Anxiety Disorder: Definition and Causes

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According to the American Psychological Association (APA), anxiety is an emotion characterized by feelings of tension, worried thoughts, and physical changes like increased blood pressure.

Interestingly, not all anxiety is bad for us. Psychologists have found out that our performance increases when we are a little anxious. (Yerkes & Dodson, 1908). For example, you might have performed well in the exams because you were anxious. Anxiety also helps us notice and plan for future threats and avoid potentially dangerous situations.

A moderate amount of anxiety keeps us from ignoring danger and prepares us for “fight or flight.” Sometimes fear or anxiety can occur even when no threat is present, causing anxiety disorder. Researches have shown that anxiety disorders are the most common mental disorders in the United States.

Causes of Anxiety Disorders

Several factors play a role in the acquisition of anxiety disorders. This write-up will explain the biological, psychological, and social factors and how they interact to produce anxiety disorders.

Biological Factors

Biological factors that affect anxiety disorders include brain structure and genetic influences. A part of the brain Amygdala signals whenever a threat is present and plays a crucial role in anxiety disorders. Studies have also shown that people diagnosed with anxiety disorders have shown elevated amygdala activity. Similarly, anxiety is also found to have associated with specific brain circuits and neurotransmitter systems.

Genes also have an influence on anxiety disorders. It is important to understand that no single genes cause anxiety or panic. Instead, contributions from collections of genes make us vulnerable to anxiety disorders. Stress and other environmental factors trigger these genes and cause anxiety disorders.

Psychological Factors

Many pieces of evidence support an integrated model of anxiety involving a variety of psychological factors. Psychoanalysts focus on the importance of the parent-child relationship in the development of anxiety disorders. And many psychological disorders, including anxiety disorders, are the manifestations of troublesome childhood experiences. However, this approach is criticized as being far too speculative, and alternative approaches are proposed. Similarly, many cognitive-behavioral theories emphasize the importance of the cognitive process in the development and maintenance of anxiety disorders.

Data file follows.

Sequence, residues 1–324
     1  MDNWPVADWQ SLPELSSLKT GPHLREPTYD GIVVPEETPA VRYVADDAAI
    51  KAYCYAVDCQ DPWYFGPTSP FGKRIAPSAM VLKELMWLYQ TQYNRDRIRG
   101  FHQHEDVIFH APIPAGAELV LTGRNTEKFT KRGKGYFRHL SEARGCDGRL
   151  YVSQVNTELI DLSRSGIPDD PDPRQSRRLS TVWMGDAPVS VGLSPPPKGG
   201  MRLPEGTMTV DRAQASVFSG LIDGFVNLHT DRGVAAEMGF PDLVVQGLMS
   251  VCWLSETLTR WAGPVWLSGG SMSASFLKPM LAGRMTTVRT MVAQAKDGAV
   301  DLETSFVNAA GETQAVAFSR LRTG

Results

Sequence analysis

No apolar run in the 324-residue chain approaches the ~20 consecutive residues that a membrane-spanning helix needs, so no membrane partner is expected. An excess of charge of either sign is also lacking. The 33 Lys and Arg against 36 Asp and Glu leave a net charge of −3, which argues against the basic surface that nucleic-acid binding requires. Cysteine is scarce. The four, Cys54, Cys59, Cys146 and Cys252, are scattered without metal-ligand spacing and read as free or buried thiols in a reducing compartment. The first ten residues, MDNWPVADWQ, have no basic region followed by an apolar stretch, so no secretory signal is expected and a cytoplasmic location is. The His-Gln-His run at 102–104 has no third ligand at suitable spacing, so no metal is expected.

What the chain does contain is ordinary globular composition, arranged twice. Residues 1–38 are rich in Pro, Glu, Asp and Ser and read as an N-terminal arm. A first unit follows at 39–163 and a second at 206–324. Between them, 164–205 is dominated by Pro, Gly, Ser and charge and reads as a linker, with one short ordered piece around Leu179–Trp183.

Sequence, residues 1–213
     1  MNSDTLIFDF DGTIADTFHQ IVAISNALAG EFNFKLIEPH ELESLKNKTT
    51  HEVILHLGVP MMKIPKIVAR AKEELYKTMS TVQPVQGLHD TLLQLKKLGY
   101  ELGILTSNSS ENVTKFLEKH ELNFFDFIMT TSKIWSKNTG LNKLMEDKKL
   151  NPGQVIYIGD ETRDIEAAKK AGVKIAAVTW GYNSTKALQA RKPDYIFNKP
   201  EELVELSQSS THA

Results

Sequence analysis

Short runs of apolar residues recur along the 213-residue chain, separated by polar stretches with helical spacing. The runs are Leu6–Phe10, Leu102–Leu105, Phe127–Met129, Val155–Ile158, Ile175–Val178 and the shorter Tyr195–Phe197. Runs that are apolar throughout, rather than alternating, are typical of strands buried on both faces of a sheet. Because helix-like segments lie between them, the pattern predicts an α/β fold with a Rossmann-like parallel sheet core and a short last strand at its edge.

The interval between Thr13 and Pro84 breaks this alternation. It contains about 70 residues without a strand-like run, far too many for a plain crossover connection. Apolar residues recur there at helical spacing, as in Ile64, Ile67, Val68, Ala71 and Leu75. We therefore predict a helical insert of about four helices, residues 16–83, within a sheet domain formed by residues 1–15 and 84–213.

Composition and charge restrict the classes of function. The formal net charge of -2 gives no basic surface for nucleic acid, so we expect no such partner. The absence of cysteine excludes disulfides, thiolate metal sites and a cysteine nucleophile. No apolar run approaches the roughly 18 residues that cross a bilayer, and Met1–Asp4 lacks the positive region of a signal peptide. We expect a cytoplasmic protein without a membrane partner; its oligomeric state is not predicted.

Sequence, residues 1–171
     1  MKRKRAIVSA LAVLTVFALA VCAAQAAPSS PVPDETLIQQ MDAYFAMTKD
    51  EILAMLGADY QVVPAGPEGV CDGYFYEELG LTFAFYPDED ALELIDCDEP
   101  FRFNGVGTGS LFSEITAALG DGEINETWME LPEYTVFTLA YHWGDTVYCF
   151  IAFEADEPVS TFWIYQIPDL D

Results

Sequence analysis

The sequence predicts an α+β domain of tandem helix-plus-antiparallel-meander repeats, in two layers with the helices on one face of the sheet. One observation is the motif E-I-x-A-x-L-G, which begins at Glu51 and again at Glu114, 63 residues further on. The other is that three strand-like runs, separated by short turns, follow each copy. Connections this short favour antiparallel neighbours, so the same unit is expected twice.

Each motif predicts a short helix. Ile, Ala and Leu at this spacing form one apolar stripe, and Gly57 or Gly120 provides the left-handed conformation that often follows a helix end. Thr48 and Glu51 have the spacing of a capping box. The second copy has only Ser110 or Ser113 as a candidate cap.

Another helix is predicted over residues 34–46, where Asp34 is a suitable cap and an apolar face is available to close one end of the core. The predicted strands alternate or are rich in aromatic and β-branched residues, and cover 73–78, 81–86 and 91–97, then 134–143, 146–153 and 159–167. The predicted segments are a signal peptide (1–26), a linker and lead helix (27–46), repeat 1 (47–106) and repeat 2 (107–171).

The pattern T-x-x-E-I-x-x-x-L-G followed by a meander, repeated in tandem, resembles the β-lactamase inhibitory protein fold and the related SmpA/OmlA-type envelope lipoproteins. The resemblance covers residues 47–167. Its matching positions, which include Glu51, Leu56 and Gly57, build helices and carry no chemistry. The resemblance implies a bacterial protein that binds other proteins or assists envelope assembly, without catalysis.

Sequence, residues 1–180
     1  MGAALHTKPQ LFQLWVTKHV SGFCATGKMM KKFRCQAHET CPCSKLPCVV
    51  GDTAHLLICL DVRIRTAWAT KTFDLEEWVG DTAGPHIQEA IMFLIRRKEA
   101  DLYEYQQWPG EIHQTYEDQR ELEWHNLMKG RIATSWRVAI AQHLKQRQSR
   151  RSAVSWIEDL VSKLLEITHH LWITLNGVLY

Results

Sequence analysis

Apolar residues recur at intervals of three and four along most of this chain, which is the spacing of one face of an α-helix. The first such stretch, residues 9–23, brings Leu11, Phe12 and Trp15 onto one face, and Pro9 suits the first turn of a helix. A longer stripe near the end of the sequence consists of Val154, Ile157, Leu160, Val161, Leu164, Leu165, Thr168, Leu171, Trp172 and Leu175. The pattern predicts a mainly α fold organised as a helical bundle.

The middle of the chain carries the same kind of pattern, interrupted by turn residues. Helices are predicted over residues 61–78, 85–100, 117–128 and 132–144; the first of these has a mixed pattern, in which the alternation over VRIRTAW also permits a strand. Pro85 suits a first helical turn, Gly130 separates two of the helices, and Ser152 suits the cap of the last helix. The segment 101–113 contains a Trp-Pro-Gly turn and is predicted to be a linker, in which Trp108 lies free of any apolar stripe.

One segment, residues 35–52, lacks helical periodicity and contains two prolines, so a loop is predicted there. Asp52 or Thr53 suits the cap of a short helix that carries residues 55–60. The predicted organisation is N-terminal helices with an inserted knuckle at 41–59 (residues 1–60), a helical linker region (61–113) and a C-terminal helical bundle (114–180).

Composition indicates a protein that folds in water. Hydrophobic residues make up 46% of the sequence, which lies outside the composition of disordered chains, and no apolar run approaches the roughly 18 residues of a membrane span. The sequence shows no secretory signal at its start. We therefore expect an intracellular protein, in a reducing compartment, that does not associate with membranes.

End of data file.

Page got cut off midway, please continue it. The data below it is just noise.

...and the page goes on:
Parents who are overprotective and clear out the troubles for the children and never let them experience any adversity create a situation in which the children never learn how to cope with adversity when it comes along. Children who are raised in such a way that they develop a sense of self-control and mastery also appear to be less vulnerable to developing anxiety disorders (Chorpita & Barlow, 1998).

Social and Sociocultural Factors

Stressful life events also trigger anxiety disorders. We also experience anxiety as a result of various life events like marriage, divorce, difficulties at work, death of a loved one, exams, financial status, and so on. People with lower incomes have higher rates of anxiety disorders. Similarly, disasters and natural calamities also increase the rate of anxiety disorders within the population. How these stressors are viewed by an individual’s social support network (family, friends, and peers) can either exacerbate or mitigate anxiety reactions (Brewin, Andrews, & Valentine, 2000; Ozer, Best, Lipsey, & Weiss, 2003).

Gender also has a role in the manifestation of anxiety disorders. Women are more likely to suffer from anxiety disorders than men, except for obsessive-compulsive disorder.  They are also more likely to be exposed to stress than men, making them more vulnerable to anxiety disorders.

References and Further Reading:

  1. Butcher, J. N. (2016). Abnormal Psychology (17th ed.).
  2. Chorpita, B. F., Brown, T. A., & Barlow, D. H. (1998). Perceived control as a mediator of family environment in etiological models of childhood anxiety. Behavior Therapy, 29(3), 457–476. https://doi.org/10.1016/s0005-7894(98)80043-9
  3. Comer, R. J. (2012). Abnormal Psychology (Eighth ed.). Worth Publishers.
  4. Durand, M. V., & Barlow, D. H. (2012). Essentials of Abnormal Psychology (with CourseMate Printed Access Card) (PSY 254 Behavior Problems and Personality) (6th ed.). Cengage Learning.
  5. Kazdin, A. E. (2000). Encyclopedia of Psychology: 8-Volume Set 8-Volume Set (1st ed.). American Psychological Association.
  6. Kring, A. M., & Johnson, S. L. (2019). Abnormal Psychology: The Science and Treatment of Psychological Disorders, 14e WileyPLUS Card with Loose-Leaf Set (14th ed.). Wiley (WileyPLUS Products).
  7. Sue, D., Sue, D. W., & Sue, S. (2008). Understanding Abnormal Behavior (9th ed.). Wadsworth Publishing.